Anyone who develops these symptoms should contact their healthcare provider and avoid close contact with others until they have improved and rash/lesions have healed.

While most people recover on their own without treatment, those who have been in close contact with someone who has tested positive for monkeypox should self-monitor for symptoms, and contact PPH to see if they are eligible for vaccination.

The Mississauga case is at least the 34th confirmed case of the disease in Ontario, with dozens more under investigation.

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Monkeypox case count rises to more than 3400 globally, WHO says – The Globe and Mail

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More than 3,400 confirmed monkeypox cases and one death were reported to the World Health Organization as of last Wednesday, with a majority of them from Europe, the agency said in an update on Monday.

WHO said that since June 17, 1,310 new cases were reported to the agency, with eight new countries reporting monkeypox cases.

Monkeypox is not yet a global health emergency, WHO ruled last week, although WHO Director-General Tedros Adhanom Ghebreyesus said he was deeply concerned about the outbreak.

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Sudbury news: Northern agencies highlight national HIV testing day | CTV News – CTV News Northern Ontario

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Monday was national HIV testing day. Officials say this year’s theme surrounds how getting tested is an act of self-care.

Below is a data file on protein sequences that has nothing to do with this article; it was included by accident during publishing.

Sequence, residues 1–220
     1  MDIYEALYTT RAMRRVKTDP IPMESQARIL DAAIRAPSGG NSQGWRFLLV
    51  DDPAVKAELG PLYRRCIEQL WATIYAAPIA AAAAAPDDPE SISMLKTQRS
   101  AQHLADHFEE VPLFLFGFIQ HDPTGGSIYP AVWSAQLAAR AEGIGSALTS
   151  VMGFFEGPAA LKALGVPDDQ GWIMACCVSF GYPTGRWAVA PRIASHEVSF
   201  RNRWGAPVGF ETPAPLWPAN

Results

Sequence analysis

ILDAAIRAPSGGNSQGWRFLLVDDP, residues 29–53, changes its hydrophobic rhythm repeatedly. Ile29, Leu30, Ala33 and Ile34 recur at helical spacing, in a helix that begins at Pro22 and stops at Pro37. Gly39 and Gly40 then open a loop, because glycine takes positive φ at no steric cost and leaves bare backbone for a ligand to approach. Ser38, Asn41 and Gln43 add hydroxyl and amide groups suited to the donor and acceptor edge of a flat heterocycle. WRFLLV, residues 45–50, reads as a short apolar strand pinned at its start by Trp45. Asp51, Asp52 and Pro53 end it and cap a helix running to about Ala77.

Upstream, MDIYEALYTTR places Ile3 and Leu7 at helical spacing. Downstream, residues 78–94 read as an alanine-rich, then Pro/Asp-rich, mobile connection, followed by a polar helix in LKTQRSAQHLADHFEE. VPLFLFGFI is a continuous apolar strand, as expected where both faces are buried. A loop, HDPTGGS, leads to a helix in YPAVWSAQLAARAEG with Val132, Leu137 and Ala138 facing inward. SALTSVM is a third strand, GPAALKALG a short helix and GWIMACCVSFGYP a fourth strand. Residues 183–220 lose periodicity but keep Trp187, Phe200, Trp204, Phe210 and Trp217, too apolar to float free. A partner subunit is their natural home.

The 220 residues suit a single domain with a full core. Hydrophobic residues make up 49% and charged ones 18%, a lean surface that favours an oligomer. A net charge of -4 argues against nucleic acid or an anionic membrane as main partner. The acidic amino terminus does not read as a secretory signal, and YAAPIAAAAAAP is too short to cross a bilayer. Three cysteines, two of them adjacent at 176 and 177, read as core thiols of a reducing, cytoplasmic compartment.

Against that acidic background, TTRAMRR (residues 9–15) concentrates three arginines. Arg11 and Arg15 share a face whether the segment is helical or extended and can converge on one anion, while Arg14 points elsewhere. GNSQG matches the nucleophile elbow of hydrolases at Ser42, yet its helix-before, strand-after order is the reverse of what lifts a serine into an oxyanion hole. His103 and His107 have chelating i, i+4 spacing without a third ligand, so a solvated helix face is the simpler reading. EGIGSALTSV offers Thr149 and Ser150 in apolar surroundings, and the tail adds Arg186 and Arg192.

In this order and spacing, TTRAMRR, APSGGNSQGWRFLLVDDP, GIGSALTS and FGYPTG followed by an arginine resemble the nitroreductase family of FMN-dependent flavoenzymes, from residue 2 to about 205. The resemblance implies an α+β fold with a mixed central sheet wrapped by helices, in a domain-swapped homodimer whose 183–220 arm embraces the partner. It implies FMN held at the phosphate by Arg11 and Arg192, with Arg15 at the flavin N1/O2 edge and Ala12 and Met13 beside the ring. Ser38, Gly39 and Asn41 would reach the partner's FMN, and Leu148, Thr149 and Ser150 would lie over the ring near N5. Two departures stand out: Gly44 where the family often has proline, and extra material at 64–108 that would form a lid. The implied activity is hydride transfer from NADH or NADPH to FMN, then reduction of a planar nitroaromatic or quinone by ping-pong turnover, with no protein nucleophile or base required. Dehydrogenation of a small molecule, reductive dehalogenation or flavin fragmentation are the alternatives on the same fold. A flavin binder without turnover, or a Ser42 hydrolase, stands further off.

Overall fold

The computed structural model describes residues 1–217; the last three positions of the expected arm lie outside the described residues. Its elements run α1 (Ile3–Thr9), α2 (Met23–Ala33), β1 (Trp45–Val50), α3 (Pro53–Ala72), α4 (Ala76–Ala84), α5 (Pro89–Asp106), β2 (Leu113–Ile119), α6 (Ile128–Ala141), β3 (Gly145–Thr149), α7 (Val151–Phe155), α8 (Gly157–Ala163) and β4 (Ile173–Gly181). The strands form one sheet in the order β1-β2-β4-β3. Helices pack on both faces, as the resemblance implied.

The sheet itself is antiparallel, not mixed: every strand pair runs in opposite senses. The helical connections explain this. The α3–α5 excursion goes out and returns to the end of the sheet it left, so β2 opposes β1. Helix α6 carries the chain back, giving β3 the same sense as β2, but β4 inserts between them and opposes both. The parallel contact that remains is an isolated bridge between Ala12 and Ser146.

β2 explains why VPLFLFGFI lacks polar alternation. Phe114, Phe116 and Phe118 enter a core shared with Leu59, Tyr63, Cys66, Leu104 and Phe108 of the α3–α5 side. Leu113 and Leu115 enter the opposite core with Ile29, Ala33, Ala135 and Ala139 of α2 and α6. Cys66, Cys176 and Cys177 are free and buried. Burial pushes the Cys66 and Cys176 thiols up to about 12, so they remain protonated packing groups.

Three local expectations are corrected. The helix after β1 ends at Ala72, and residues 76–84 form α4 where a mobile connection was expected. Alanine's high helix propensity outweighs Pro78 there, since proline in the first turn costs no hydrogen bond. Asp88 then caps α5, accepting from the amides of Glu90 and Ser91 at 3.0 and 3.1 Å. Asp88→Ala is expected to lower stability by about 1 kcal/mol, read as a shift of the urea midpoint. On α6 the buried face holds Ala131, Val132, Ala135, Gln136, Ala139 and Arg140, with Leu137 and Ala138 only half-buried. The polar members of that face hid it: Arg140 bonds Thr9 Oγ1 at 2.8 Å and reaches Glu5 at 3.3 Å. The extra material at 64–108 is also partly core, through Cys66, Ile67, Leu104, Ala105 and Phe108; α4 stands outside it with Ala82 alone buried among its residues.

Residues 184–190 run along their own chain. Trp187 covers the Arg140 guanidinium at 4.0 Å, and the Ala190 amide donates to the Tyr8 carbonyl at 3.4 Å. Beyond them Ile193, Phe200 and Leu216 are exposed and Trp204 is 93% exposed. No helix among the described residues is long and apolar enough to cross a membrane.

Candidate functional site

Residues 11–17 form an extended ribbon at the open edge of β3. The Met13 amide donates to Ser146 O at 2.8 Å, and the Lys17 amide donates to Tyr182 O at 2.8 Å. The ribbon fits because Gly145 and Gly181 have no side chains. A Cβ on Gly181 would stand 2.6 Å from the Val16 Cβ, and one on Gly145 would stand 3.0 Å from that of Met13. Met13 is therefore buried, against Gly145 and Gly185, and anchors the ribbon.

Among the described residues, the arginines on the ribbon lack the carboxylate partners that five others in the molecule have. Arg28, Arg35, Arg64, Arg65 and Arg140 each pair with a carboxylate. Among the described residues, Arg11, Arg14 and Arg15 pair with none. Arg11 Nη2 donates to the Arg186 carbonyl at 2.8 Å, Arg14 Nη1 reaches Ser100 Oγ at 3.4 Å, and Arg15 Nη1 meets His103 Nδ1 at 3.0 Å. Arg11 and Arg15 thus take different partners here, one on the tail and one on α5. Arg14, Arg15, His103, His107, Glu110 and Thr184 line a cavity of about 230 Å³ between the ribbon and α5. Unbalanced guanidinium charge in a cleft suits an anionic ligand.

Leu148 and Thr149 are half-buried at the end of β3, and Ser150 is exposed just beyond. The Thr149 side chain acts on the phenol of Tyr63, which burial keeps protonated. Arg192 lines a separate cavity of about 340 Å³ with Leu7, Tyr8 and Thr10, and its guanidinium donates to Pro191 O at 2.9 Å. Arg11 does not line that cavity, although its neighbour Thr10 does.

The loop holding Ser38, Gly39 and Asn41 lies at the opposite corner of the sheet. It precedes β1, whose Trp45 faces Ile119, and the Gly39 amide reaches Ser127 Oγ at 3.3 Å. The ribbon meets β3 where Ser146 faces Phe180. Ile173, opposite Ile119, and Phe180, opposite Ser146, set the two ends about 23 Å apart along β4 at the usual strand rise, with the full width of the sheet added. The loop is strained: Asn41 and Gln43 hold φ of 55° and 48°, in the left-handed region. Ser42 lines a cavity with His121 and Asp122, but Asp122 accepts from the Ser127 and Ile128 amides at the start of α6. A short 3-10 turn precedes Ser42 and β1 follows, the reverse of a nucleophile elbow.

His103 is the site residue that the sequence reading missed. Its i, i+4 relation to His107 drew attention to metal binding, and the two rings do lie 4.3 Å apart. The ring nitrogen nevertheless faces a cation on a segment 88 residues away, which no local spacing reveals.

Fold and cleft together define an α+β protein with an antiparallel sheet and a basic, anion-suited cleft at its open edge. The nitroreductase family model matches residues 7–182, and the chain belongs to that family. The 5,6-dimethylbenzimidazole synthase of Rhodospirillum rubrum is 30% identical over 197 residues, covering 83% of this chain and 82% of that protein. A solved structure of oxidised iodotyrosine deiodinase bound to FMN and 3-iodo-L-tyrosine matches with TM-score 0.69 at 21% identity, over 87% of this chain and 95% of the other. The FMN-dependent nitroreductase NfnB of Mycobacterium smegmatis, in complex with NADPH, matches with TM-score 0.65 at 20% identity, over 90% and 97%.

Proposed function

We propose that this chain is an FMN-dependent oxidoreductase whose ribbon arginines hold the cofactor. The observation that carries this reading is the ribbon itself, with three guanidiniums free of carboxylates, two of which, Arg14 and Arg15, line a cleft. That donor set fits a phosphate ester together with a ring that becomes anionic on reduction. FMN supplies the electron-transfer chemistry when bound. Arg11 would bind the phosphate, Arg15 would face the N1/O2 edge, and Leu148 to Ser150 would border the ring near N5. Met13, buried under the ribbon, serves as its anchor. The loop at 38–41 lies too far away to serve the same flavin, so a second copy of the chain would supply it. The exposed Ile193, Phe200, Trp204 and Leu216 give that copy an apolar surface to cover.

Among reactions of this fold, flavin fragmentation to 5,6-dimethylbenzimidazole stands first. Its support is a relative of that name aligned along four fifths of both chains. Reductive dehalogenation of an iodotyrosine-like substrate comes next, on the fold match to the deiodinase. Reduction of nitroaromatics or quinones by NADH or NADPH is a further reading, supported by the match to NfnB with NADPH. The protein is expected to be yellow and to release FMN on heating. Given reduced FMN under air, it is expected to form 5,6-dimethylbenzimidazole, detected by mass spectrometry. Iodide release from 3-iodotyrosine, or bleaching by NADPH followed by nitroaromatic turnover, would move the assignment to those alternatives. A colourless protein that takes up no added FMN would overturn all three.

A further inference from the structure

From clinics to self-testing kits, groups in the north say there are many options to get tested and everyone should use whichever way works best for them.

Just more than a year ago, Reseau Access Network in Sudbury teamed with Ready to Know and Get a Kit, groups that provide HIV self-testing kits at a pickup location.

Officials said it has been a huge success.

“We get a consistent number throughout each month and I can’t really divulge those figures, unfortunately, but as part of the overall study I can tell you the pickup of self-tests is a fraction of the amount of tests being ordered,” said Angel Riess, of Reseau Access Network.

“There’s actually a lot of tests being shipped to homes directly but I can confirm that they have been active and there’s a significant number of people who have chosen to engage in both programs.”

Elsewhere, the Aids Committee of North Bay and Area held a point-of-care testing clinic to mark the day.

“It’s an opportunity for us to remind everyone that getting tested is essential. If you don’t know you have HIV, you can’t take the steps to try to mitigate the possibility of spread,” said executive director Stacey Mayhall.

In addition to stopping the spread, knowing whether you are positive sooner rather than later can allow for a better quality of life.

“HIV is not a death sentence that it used to be,” said Riess.

“There have been advances in testing and medication and people can live long, healthy lives living with HIV.”